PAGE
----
Sarnie derisively refers to the traditional method of plant inspection as "seagull management," says Zurich's Sargent. "He's talking about seagulls who fly toward the boardwalk, leave their mess all over the place and fly out."
To help energize the process, he personally approves each of the engineers who visits his plant and doesn't allow the insurers to substitute people without his say-so. He also tells the insurers' engineers exactly what he expects of them before they go into his plants. "I sit down with every engineer scheduled to visit with us and discuss this with them," he says. "I do this on an annualized basis."
Sarnie has also exported his Assess and Assist program overseas. "Because there's no workers' compensation outside the U.S., you don't see companies doing workerrelated safety inspections, you won't find those taking place," he says. "But for us it doesn't matter where the location is--Rome, Georgia or Rome, Italy. We provide assistance wherever they are."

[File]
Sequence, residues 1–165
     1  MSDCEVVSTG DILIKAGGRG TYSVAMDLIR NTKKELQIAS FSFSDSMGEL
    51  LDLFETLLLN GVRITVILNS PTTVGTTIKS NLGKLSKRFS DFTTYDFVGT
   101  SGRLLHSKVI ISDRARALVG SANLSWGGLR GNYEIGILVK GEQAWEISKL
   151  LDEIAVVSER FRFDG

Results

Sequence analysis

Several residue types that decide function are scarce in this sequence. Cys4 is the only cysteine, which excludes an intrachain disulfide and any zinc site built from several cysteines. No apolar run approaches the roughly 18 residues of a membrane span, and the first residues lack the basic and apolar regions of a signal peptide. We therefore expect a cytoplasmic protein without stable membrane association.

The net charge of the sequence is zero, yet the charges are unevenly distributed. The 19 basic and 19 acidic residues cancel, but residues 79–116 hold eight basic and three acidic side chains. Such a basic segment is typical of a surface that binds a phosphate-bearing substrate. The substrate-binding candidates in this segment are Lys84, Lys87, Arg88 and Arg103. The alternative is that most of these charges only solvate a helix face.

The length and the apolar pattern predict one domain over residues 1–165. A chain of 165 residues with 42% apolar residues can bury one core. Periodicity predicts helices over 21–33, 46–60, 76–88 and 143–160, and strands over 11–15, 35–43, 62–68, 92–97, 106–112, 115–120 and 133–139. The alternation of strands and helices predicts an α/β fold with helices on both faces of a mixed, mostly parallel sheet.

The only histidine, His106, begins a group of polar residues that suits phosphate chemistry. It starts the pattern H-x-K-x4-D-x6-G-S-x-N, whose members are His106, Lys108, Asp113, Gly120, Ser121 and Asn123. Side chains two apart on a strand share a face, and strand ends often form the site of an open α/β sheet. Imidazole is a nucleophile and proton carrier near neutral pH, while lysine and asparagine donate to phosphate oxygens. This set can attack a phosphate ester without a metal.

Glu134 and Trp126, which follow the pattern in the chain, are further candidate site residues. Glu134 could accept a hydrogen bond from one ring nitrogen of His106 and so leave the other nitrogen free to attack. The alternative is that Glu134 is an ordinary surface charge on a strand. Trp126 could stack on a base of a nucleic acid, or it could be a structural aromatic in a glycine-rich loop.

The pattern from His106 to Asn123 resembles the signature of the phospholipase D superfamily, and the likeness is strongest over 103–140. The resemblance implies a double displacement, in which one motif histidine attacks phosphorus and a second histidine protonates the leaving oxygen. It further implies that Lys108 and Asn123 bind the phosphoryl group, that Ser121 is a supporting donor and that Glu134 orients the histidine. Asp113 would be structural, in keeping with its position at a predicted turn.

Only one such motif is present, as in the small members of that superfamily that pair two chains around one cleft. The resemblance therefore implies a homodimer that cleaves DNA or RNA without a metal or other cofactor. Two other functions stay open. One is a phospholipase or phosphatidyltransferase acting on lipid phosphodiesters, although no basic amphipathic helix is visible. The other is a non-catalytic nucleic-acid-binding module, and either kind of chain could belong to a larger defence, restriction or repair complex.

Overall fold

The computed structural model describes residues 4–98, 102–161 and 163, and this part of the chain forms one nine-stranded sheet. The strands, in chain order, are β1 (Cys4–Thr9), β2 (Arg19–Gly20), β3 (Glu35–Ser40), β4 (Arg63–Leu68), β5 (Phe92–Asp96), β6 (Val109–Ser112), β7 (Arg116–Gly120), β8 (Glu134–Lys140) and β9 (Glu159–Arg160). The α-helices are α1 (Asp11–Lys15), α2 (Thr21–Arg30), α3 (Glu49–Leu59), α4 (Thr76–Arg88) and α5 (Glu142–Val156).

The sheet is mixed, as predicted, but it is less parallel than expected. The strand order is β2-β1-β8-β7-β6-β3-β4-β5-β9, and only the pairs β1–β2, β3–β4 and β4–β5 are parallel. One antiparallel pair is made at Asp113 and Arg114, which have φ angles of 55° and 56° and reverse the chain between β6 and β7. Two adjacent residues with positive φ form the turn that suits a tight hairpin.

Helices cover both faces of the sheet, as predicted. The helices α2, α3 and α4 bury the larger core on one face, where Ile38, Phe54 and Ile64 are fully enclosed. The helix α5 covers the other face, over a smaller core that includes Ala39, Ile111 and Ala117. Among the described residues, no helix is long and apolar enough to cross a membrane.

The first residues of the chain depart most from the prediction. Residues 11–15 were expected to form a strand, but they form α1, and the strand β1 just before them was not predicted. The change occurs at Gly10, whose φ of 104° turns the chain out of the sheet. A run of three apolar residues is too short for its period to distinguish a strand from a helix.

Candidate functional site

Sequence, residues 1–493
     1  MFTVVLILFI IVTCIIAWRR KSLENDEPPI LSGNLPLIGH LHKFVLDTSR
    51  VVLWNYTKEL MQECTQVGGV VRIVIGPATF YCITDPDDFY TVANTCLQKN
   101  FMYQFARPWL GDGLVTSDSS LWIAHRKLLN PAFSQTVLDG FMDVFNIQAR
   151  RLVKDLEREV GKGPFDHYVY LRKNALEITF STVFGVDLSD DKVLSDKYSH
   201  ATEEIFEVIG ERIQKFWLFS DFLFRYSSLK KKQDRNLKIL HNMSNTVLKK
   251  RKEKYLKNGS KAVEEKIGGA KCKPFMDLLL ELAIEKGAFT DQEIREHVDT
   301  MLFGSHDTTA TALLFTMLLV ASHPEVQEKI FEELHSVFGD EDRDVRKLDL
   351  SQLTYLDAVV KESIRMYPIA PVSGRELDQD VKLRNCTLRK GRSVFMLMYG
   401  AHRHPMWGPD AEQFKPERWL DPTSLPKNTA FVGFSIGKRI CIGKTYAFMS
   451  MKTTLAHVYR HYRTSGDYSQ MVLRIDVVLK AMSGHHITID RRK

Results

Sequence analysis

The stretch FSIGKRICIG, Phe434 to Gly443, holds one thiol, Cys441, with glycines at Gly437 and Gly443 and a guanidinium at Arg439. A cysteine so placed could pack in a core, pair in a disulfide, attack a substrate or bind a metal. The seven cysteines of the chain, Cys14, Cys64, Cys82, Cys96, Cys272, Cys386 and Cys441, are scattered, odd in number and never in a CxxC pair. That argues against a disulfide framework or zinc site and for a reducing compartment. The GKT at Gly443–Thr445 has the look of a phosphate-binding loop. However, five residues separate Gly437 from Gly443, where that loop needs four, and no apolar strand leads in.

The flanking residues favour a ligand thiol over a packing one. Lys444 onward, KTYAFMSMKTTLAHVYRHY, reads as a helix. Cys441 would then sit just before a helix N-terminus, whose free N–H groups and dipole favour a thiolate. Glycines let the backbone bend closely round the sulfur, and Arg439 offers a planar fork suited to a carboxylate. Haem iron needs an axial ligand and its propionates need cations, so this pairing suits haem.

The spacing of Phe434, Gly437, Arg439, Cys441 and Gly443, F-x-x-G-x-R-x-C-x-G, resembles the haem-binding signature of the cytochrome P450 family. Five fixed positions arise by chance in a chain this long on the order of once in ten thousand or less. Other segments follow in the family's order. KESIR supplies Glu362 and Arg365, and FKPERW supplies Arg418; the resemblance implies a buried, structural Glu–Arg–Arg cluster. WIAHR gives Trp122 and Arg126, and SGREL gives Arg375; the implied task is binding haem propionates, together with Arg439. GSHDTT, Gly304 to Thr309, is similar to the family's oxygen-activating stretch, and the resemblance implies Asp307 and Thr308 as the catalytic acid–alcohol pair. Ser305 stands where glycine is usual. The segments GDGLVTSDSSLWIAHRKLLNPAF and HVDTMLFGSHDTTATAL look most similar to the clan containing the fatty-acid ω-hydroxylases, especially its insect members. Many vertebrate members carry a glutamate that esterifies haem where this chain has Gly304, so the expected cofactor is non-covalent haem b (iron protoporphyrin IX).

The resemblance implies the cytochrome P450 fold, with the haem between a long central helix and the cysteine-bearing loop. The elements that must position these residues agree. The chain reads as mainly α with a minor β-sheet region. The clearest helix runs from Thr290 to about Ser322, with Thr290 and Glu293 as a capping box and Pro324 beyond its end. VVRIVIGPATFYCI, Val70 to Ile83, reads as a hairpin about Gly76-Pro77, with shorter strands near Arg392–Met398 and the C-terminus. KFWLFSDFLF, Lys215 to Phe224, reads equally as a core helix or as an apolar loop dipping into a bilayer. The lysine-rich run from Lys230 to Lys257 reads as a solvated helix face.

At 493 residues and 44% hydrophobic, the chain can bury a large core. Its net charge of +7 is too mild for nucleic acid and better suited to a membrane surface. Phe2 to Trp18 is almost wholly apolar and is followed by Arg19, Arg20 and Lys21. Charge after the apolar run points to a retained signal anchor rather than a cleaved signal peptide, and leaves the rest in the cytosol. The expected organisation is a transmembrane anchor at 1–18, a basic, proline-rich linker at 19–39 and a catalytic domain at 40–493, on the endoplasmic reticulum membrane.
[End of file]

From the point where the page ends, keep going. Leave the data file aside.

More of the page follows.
COVETING THE A-TEAM
To keep Assess and Assist momentum up, Sarnie has established his "A Team" group of service providers who stand out for the results they produce. "I'm creating a more motivated employee," says Sarnie. "If I was to call one of my A Team members for help and another company called for the same thing, who do you think they'd assist first? Me."
Employees from all of his service providers are eligible to be on the team. He awards the newly named at an annual dinner where they receive a commemorative shirt and plaque that lists the program's tenets: Results, not excuses; be proactive not reactive; do it right the first time; be a leader, not a follower; be decisive; and make decisions as if your own interests are at stake. "I include the last one because their interests are at stake," he says.
Sarnie says he has between eight and 10 A-Team inspectors--about 20 percent of the total. "You might just get on it by a plant person calling and saying, 'This person did a terrific job.' They have to prove they're players."